Novel viral resistance mechanism in plant meristems

By Cristina Vuolo

A previously unknown mechanism of viral resistance in plant meristems has been elucidated by researchers at the University of Science and Technology of China in a new study published on October 8th, 2020.

The shoot apical meristem (SAM) is a collection of stem cells in the plant tip which provides specialised daughter cells to form new organs. Plants have the remarkable ability of keeping the meristem virus-free, even in the event of widespread infection of the rest of the plant. This has long been known and exploited in science and agriculture for the cultivation of plants from previously infected donors. In this technique, a cutting is taken from the SAM and grown on appropriate media into virus-free plantlets. For the first time, a stem cell regulator called WUSCHEL has been identified in the protection of the meristem from viral infection (Liu, 2020).

The WUSCHEL (WUS) gene encodes a transcription factor with many target genes. Classed as a homeodomain protein due to its broad reaching control over development, WUS is already known to control stem cell production and differentiation in the shoot tip of Arabidopsis. Expression of WUS protein is confined to a small region of the SAM called the central zone, but it can migrate to other areas after being synthesized (Jha, 2020). 

In their study, Wu et al. primarily followed the infection of Arabidopsis with Cucumber Mosaic Virus (CMV). Three other viruses were also used to determine that WUS-mediated resistance is effective against several viruses; these were turnip crinkle virus (TCV), tobacco rattle virus (TRV), and turnip mosaic virus (TuMV). The distribution of CMV infection can be assessed via in situ hybridization, a deceptively difficult molecular biology technique in which specifically designed RNA probes are applied directly to a fixed tissue sample, where they will bind to target viral RNA. Detection of the probe involves antibodies and staining. As seen in Figure 1, viral infection does not enter the SAM (boxed in red). Further tests clarified that infection specifically remains below the WUS expression domain (Wu et al., 2020).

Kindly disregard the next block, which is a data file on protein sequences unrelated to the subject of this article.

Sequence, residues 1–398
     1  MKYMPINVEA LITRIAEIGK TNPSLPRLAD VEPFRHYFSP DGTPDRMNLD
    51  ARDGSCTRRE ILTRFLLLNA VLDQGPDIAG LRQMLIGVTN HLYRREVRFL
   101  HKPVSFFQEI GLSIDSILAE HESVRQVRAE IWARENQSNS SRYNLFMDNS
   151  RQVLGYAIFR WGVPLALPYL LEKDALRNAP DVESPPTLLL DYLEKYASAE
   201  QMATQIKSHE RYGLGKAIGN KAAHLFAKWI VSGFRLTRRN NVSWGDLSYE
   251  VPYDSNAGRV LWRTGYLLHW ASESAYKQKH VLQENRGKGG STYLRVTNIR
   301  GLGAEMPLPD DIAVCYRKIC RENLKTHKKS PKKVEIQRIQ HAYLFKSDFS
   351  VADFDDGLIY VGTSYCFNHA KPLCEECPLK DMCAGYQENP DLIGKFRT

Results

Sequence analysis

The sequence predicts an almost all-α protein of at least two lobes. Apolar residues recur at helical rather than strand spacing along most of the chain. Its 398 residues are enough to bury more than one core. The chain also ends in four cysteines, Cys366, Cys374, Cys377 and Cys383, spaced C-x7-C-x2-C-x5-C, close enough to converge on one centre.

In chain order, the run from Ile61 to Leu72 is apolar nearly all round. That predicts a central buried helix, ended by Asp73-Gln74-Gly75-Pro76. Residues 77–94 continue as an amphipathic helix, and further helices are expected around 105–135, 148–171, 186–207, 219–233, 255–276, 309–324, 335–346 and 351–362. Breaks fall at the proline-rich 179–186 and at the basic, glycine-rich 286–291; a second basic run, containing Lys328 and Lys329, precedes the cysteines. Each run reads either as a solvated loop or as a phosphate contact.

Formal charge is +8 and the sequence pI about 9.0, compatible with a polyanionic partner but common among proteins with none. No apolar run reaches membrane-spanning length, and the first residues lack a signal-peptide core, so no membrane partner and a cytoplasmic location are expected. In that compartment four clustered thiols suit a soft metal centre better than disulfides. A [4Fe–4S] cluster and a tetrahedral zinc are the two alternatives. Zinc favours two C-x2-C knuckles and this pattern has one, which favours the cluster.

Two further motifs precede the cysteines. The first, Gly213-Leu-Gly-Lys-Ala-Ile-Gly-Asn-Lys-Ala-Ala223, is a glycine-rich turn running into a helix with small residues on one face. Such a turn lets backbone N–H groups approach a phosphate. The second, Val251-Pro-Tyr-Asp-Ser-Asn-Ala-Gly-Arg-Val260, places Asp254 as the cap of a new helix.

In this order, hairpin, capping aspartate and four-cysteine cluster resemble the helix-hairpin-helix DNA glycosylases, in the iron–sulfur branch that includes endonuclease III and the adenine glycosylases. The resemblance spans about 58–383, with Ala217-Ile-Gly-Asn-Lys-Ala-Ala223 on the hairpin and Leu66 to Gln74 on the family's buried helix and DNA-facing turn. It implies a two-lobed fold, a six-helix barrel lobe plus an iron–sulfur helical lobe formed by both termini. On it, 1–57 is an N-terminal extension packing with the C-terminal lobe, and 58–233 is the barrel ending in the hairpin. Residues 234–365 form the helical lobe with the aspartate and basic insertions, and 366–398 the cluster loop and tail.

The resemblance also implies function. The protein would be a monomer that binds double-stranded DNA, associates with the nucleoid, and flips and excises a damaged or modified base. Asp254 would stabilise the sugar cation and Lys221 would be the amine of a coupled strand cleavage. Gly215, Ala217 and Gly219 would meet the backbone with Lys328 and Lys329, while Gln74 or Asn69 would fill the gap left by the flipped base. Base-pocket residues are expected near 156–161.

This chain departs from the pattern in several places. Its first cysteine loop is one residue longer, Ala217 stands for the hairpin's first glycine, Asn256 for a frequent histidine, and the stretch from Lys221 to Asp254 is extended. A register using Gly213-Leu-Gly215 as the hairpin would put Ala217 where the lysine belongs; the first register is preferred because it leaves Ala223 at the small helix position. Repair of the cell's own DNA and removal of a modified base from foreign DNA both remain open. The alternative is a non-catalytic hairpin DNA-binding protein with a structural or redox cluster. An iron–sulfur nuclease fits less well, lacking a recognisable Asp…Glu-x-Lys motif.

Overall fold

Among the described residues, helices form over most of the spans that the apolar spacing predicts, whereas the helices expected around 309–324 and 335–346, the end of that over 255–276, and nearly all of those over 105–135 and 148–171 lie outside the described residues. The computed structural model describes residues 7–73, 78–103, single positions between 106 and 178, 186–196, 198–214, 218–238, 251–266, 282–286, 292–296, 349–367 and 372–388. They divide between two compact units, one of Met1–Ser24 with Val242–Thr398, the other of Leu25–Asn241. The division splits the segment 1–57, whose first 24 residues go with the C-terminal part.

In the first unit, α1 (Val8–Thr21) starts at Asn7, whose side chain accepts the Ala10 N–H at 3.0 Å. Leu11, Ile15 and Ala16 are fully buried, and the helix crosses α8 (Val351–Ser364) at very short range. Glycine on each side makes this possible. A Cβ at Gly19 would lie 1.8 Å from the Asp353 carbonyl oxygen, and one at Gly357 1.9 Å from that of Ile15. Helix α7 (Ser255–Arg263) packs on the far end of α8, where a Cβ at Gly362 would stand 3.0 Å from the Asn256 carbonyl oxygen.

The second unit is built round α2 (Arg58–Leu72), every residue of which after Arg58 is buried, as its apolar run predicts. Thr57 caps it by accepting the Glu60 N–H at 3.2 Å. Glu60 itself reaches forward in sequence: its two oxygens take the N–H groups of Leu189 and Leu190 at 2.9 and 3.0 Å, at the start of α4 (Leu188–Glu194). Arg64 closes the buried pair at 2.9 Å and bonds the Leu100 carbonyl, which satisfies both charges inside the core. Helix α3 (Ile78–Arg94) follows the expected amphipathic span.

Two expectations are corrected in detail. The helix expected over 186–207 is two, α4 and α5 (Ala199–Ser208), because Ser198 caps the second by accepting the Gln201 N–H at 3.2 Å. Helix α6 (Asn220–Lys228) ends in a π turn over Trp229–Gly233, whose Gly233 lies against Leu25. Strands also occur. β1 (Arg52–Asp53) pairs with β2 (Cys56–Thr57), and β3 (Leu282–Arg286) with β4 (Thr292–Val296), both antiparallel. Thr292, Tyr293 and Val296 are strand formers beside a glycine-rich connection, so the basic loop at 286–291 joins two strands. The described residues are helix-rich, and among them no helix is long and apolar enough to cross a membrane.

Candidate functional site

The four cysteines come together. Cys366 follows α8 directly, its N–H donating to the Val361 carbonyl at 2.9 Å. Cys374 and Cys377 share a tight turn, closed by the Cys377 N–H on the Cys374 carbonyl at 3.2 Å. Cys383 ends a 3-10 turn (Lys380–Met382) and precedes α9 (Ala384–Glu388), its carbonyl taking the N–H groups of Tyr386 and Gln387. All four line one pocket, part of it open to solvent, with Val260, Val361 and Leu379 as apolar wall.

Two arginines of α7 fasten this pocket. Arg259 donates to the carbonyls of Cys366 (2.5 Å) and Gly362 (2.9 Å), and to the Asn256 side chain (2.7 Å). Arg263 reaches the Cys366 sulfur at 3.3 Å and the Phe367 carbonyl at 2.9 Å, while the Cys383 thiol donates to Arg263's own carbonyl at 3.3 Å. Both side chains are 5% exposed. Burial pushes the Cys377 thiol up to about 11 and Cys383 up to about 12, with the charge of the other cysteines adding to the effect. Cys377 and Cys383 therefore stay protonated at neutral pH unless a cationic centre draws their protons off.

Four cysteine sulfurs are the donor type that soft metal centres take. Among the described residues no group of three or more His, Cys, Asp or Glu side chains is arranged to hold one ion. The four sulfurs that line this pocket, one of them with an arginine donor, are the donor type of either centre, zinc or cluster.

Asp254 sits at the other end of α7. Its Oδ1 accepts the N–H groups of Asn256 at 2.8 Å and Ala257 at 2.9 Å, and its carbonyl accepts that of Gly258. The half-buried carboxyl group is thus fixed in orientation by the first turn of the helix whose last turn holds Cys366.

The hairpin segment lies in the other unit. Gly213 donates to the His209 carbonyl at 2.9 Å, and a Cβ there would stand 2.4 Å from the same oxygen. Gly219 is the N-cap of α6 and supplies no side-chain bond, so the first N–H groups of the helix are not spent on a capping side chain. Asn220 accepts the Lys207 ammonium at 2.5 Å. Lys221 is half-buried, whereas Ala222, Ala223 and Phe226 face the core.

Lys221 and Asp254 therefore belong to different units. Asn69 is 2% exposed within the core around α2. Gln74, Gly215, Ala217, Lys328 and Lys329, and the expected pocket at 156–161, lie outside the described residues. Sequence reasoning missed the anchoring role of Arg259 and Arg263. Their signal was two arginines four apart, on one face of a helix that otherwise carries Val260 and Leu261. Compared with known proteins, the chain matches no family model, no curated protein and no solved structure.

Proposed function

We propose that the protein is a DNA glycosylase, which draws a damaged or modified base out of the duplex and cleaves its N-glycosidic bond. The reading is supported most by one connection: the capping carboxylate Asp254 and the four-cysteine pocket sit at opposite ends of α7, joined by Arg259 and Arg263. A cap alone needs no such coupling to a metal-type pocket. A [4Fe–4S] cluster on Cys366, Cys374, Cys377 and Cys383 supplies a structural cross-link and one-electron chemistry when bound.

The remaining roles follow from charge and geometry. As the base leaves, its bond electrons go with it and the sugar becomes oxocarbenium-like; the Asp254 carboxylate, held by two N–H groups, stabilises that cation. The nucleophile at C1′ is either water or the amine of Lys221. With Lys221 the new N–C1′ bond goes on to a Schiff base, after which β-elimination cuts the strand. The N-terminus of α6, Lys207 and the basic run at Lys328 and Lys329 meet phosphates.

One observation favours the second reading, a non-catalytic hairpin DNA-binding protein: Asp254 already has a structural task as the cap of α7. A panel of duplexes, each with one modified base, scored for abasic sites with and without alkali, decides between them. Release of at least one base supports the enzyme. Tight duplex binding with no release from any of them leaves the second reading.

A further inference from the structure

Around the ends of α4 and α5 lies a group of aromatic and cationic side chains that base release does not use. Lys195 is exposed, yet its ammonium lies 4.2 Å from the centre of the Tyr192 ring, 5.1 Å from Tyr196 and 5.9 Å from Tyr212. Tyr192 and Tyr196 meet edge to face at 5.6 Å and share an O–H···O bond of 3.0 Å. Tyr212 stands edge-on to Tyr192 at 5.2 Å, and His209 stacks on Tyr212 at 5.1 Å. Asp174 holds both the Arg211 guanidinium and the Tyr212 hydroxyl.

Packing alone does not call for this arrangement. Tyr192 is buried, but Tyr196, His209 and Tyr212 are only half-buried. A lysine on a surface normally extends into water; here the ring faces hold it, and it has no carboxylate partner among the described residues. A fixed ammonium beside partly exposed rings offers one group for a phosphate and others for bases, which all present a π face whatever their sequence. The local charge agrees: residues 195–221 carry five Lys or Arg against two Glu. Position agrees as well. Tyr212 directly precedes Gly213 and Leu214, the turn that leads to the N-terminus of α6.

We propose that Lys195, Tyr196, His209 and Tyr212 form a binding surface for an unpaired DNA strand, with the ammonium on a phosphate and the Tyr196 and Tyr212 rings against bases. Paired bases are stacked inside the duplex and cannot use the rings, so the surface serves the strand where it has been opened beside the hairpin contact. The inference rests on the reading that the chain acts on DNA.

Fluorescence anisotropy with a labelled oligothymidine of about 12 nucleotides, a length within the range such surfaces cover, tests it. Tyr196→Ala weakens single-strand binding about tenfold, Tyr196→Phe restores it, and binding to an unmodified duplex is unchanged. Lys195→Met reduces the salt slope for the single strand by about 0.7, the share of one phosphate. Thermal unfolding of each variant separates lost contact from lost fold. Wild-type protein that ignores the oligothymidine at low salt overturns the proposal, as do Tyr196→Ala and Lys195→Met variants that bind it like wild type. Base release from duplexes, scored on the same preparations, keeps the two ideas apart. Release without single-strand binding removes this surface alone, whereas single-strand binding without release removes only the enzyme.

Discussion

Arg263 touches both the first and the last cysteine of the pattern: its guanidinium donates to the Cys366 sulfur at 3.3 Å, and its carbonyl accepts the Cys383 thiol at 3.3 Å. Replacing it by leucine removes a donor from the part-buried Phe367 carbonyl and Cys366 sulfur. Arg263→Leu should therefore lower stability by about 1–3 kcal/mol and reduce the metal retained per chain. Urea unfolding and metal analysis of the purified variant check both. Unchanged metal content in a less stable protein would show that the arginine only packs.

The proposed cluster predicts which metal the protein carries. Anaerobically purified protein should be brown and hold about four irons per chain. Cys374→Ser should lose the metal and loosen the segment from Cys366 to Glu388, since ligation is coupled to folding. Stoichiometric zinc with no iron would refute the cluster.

Figure 1. CMV distribution in wild-type Arabidopsis (Wu et al., 2020)

Expression and distribution of WUS protein responds to viral infection. Green Fluorescence Protein (GFP) was engineered onto WUS as a reporter protein to view such changes in WUS expression. As seen in Figure 2, the amount and distribution of WUS protein increased markedly 9 days post inoculation (dpi) with CMV. Furthermore, application of a compound called dexamethasone (DEX), which can induce WUS activity in certain engineered plants, demonstrated the importance of WUS in the antiviral capacity of the meristem. Without induction, 89% of the plants were infected by viruses; however, a remarkable 90% of the plants with DEX-induced WUS activity remained virus free.

Figure 2. WUS protein distribution increases after infection (Wu et al., 2020)

Agrobacterium tumefaciens is a bacterium with naturally occurring mechanisms for inserting plasmid DNA into plant cells. This technique has been adopted into molecular biology as a delivery system for genetic engineering in plants, with adjustments like specifically engineered plasmids to improve efficiency (Van Montagu M. 1977). To determine how WUS works, WUS and GFP were co-infiltrated into nicotine plants using A. tumefaciens. Once again, DEX was used to activate WUS activity, triggering the translocation of WUS into the nucleus. Within the nucleus, WUS acts as a transcriptional repressor, resulting in the suppression of GFP (Wu et al., 2020).

Inhibition of viral proteins is perhaps unsurprising, but this investigation showed that WUS downregulates all protein synthesis in the cell. Via a broad range of molecular techniques, WUS was found to associate with methyltransferase promoters. Methyltransferases are responsible for methylation of ribosomal RNA, which stabilises rRNA processing and ribosome structure. Thus, WUS represses ribosome assembly at least in part by negatively regulating MTases, resulting in a global decrease in protein synthesis (Wu et al., 2020).

The results of this paper reveal a molecular basis for the broad-spectrum innate antiviral immunity of the plant shoot apical meristem. Expression of WUS in the leaves, rather than just the shoot tips, is shown to provide whole-plant immunity and the possible applications to agriculture against the devastation of plant viruses is promising. 


Liu, J. (2020) Mystery Solved: How Do Tips of Plants Stay Virus-free? [Accessed 25/10/2020].

Schell J., Van Montagu M. (1977) “The Ti-Plasmid of Agrobacterium tumefaciens, A Natural Vector for the Introduction of NIF Genes in Plants?” In: Hollaender A. et al. (eds) Genetic Engineering for Nitrogen Fixation. Basic Life Sciences, vol 9. Springer, Boston, MA.

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